Famous rock star Jon Bon Jovi had once said in his quintessential dash of style and I care a darn verve, “No man is an island.” Probably, he never meant it like that. But there’s unfound depth in the statement. Maybe if you were to put the quote in the context of urban planning, then you’d find that it’s true that no man’s an island for there are no islands left anyway. Or, at the best, very little of them in today’s fast paced world where development at the cost of eating up of free, green spaces has become the norm.
Everywhere that one sees are cities. Cities that are even made of villages as is the case with the Satellite city in Noida. You read that right. Among the new rather brand new attractions in the mega cosmopolis called Noida, is the satellite city.
Ever heard that before? Well, it’s a very recent development, something that came about only in the recent past.
But there’s also some catch with the satellite city in Noida. Apparently, this key feature in all news pieces will be formed only after the addition of no fewer than 86 villages.
Had one not acquired as many as 86 villages, there may not have been even a plan regarding any satellite city in Noida.
But that said, true to any mega infrastructure project that touches various aspects of human life, health, green building, urban and sustainable design and whatnot, the satellite city of Noida too will boast of some intricate or sophisticated elements.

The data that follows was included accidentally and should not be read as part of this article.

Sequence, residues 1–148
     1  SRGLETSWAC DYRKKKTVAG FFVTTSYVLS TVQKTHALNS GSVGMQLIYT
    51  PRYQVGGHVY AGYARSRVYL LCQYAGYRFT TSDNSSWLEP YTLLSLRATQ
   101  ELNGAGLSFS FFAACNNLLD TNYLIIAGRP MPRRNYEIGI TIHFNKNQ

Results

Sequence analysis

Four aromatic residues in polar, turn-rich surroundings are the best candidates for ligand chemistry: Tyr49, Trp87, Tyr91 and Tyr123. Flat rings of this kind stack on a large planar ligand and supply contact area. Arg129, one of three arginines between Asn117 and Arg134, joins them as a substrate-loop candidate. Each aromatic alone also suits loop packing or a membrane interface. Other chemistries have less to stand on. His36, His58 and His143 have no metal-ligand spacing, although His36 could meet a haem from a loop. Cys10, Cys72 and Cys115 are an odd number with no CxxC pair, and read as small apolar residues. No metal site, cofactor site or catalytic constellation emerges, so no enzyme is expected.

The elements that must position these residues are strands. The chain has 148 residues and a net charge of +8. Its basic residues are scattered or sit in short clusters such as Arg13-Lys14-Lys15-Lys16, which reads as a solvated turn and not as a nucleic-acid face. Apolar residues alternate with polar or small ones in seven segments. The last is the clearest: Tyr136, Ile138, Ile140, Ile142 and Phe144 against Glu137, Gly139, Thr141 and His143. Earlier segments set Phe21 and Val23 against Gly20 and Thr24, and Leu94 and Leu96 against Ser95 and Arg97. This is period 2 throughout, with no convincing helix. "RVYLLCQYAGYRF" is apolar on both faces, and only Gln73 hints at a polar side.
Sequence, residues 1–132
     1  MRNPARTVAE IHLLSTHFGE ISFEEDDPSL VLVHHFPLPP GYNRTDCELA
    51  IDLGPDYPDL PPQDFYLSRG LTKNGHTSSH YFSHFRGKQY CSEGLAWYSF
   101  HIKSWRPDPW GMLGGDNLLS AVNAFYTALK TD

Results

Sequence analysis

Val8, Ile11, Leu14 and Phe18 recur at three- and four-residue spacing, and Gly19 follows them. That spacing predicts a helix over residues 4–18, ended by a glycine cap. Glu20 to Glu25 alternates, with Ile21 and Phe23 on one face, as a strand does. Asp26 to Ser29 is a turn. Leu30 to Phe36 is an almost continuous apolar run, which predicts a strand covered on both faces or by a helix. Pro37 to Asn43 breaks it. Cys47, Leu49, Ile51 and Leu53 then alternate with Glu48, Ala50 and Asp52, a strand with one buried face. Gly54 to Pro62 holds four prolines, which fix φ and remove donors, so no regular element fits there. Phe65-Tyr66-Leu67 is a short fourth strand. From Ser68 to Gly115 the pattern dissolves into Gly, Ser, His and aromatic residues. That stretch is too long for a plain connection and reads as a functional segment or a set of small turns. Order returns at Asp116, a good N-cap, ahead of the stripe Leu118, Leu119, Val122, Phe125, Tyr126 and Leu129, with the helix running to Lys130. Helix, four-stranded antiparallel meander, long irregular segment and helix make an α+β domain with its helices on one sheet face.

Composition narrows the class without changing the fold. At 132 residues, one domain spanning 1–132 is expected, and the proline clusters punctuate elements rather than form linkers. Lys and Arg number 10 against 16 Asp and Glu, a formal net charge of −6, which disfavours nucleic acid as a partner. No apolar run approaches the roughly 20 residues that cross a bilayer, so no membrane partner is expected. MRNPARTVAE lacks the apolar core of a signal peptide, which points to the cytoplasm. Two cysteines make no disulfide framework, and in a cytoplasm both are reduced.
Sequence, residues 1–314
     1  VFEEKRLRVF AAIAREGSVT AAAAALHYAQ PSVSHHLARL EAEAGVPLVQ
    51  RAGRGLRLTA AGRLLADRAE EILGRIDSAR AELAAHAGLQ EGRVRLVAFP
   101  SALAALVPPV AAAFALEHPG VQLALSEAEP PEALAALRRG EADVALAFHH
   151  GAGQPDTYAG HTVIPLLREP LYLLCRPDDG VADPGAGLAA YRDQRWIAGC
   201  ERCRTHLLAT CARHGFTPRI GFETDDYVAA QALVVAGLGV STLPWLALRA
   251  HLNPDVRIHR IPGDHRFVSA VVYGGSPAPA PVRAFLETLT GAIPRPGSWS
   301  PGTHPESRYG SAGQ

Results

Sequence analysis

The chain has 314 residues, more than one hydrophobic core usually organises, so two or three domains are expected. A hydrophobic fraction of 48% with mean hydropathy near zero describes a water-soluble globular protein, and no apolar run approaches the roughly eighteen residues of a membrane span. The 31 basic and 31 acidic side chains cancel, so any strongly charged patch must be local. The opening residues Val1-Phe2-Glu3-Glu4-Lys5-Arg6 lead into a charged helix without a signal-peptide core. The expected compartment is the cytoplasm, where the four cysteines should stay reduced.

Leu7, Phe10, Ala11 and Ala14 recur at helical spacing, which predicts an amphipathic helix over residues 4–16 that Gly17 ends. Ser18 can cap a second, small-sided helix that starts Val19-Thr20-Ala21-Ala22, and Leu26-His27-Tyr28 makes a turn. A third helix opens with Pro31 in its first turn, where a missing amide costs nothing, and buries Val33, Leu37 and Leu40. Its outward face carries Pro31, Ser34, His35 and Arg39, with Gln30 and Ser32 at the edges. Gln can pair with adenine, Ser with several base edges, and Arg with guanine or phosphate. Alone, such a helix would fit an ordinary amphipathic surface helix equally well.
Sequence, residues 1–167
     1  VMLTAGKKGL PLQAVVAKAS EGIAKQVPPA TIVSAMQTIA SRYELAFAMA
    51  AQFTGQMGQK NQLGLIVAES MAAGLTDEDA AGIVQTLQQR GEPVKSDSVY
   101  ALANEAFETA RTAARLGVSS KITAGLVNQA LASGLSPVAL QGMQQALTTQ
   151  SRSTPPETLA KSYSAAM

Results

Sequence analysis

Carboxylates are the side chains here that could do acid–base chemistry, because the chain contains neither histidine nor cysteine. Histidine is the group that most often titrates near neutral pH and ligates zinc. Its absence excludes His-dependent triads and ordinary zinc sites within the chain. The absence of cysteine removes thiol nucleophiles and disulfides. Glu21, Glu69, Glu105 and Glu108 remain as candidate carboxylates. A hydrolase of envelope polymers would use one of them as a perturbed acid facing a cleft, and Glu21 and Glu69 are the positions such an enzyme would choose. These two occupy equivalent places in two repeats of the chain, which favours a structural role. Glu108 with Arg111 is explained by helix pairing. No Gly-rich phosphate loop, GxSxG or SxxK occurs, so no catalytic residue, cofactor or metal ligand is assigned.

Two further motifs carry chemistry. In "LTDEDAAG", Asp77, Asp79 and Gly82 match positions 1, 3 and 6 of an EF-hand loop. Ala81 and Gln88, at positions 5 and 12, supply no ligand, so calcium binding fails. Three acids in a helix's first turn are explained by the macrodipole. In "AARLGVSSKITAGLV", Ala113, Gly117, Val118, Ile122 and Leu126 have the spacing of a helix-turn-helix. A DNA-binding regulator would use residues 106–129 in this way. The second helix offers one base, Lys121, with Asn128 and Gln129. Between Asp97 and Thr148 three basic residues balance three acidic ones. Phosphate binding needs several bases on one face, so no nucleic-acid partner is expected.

Now, having said that what exactly will the satellite city in Noida entail? What shall be its salient features? Just what salient features can one expect to see in the up and coming satellite city in Noida?
The above told,the following piece of information appeared in the revered India Today on a very poignant development in the hotbed of North India’s development:
Reportedly, the township has to be developed over 86 villages, among which 80 have already been notified by the UP government in January this year. Out of these 80 villages, 20 are in Dadri and the remaining in the neighbouring Bulandshahr district.
Meanwhile, the School of Planning and Architecture (SPA) conducted a survey as guided by the Authority which revealed that 5 of these 80 notified villages could be denotified by the state government as they are not commonly connected to the land that needs to be developed, which will leave 11 villages in total to be notified.
According to a report published in the Times of India (TOI), the first step in planning the new township was to superimpose the village map over the revenue map to find out the actual position, said officials of the planning division, Noida Authority.
However, according to the planning team, the 5 villages which were notified and cut off from the rest were difficult to include in the overall planning of the new town.
Now, if all of that does not sound exciting enough to imagine just how passionately is Noida going about developing infrastructure, then what will suffice?